Specht: Budd hasn't said too much. He and his father were both interviewed by The Washington Post. They didn't speak with us about this, and they clarified this was not something where they made money. Richard Budd took out a loan from a bank to loan to this company back in the day. And then when it was paid back, the family claims they had to repay the bank because it was a bridge loan. And so they say, Look, they didn't make money on this. Ted Budd's spokesman said, You know, he lost his stock when the company tanked. They sort of believe this whole story is being blown out of proportion. And speaking with the Budd campaign, there were sort of surprised to hear McCrory say that money from this AgriBio Tech settlement years ago would be somehow involved in the Senate race today.

Terry: And is it true what the Budd campaign spokesman said that the Budd family did not make any money off of this?

Specht: It seems highly unlikely. And here's why: when Richard Budd got that $10 million loan and gave it to the company he had to take out a loan with the bank. When the company paid Richard Budd back, the family claims that he had to then repay the bank. And then years later, as this went to court, as farmers said that they should have been paid, the Budd family did agree to settle out of court and pay back $6 million. So if we're keeping track and doing this math here, they loaned $10 million. They got $10 million back. Years later, they agreed to pay back $6 million. Just in a vacuum here, they would be out $6 million.

Now it's certainly possible that somewhere throughout all these years, they could have invested that money, or maybe they didn't pay the bank back. I don't know. I'm going by what they say. I can only report what is told to me. In fact-checking, what we do is we ask the person making the claim, "prove what you say." The burden of proof is on the person who spoke. And so we asked McCrory, Can you prove to us that the Budd family made money on this deal, this loan repayment, and then used that specific money on attack ads against McCrory? And they could not do that.

Terry: So how did you rate these claims by Pat McCrory?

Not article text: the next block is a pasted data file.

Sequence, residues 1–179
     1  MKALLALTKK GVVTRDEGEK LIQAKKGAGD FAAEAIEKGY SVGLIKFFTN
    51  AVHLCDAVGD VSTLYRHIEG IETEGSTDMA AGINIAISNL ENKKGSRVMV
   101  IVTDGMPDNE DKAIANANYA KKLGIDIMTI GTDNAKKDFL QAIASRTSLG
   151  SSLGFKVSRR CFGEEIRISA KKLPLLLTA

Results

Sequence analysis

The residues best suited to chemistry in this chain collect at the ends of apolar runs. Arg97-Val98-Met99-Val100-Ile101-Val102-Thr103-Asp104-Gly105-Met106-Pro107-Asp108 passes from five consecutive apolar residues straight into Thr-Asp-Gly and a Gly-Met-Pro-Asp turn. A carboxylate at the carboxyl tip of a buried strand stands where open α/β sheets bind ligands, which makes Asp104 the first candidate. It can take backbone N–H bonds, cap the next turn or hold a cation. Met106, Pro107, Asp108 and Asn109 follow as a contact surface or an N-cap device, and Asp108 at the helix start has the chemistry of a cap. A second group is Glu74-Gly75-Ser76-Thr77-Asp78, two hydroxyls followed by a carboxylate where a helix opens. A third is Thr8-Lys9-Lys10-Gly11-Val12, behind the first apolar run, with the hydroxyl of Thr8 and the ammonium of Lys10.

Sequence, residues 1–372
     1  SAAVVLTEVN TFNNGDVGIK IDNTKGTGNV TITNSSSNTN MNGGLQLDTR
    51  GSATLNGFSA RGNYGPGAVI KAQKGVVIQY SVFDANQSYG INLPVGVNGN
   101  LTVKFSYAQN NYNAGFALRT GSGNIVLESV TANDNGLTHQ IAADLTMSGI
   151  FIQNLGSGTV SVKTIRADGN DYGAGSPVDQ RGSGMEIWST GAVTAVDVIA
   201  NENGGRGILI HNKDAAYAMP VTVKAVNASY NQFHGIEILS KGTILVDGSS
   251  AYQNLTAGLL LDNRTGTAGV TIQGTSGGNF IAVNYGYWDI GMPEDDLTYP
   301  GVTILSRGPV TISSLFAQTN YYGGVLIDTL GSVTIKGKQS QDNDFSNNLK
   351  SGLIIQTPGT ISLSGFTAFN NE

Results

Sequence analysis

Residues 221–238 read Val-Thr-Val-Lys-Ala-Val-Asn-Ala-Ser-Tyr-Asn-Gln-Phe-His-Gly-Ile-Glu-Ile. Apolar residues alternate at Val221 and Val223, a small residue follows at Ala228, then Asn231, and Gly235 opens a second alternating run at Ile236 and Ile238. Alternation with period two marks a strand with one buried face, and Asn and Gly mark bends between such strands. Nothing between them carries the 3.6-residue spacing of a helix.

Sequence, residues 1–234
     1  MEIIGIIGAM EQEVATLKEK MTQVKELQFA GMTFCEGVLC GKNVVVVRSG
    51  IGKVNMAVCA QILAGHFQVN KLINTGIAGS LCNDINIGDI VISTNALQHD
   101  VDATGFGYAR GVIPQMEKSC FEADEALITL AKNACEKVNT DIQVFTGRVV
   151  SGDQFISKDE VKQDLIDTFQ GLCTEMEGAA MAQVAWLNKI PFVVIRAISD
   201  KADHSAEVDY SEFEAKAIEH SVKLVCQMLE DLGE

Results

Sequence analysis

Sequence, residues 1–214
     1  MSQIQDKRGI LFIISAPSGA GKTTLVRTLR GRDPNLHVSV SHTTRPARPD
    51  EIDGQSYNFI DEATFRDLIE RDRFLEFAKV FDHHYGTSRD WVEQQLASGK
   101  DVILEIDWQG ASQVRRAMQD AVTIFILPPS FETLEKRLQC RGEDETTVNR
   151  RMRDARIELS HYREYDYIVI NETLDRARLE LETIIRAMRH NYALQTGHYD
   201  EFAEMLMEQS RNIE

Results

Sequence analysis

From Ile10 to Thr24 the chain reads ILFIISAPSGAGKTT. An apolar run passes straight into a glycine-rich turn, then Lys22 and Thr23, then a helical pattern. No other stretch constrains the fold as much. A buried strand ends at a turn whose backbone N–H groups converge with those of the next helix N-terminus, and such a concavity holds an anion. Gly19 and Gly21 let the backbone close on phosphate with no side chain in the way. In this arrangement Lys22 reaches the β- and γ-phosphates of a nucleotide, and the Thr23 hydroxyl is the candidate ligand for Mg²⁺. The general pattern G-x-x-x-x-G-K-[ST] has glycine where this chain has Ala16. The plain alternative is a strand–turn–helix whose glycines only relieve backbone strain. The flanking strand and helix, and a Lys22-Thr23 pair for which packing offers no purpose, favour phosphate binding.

Specht: We rated them "mostly false." Now let's go through again what he said. He said the family made money from the company repaying their $10 million loan. McCrory does not have proof that they made money. It's hypothetically possible that when the family got the $10 million loan repaid from the company, they could have invested it and made that money grow and things like that. But the family says it had to repay the bank and then years later, through a settlement, they had to give back $6 million. So McCrory's claim that the family made money certainly seems like a stretch.

Now, the second part of that claim is that the money they made is being given to a "special interest group," in his words, that is attacking him. It's true that Richard and Joe Budd, Ted Budd's father and brother, did donate money to Club for Growth, and sure, that's a special interest group, you could say. But they donated a total of $70,000 in 2016 and 2018, and McCrory is suggesting that that money donated more than three years ago is somehow being used to pay for ads against him in 2021. We don't see that connection, especially since Club for Growth announced earlier this summer that they've raised $5 million just to spend on Ted Budd's Senate campaign.

So it's very highly unlikely that that money that started with an AgriBio Tech loan repayment years ago somehow ended up in the Club for Growth's Senate campaign fund in 2021 to be used against McCrory. We just don't see proof of that.

Terry: All right, Paul, thank you.

Specht: Thank you.

Copyright 2021 WFAE

Marshall came to WFAE after graduating from Appalachian State University, where he worked at the campus radio station and earned a degree in communication. Outside of radio, he loves listening to music and going to see bands - preferably in small, dingy clubs.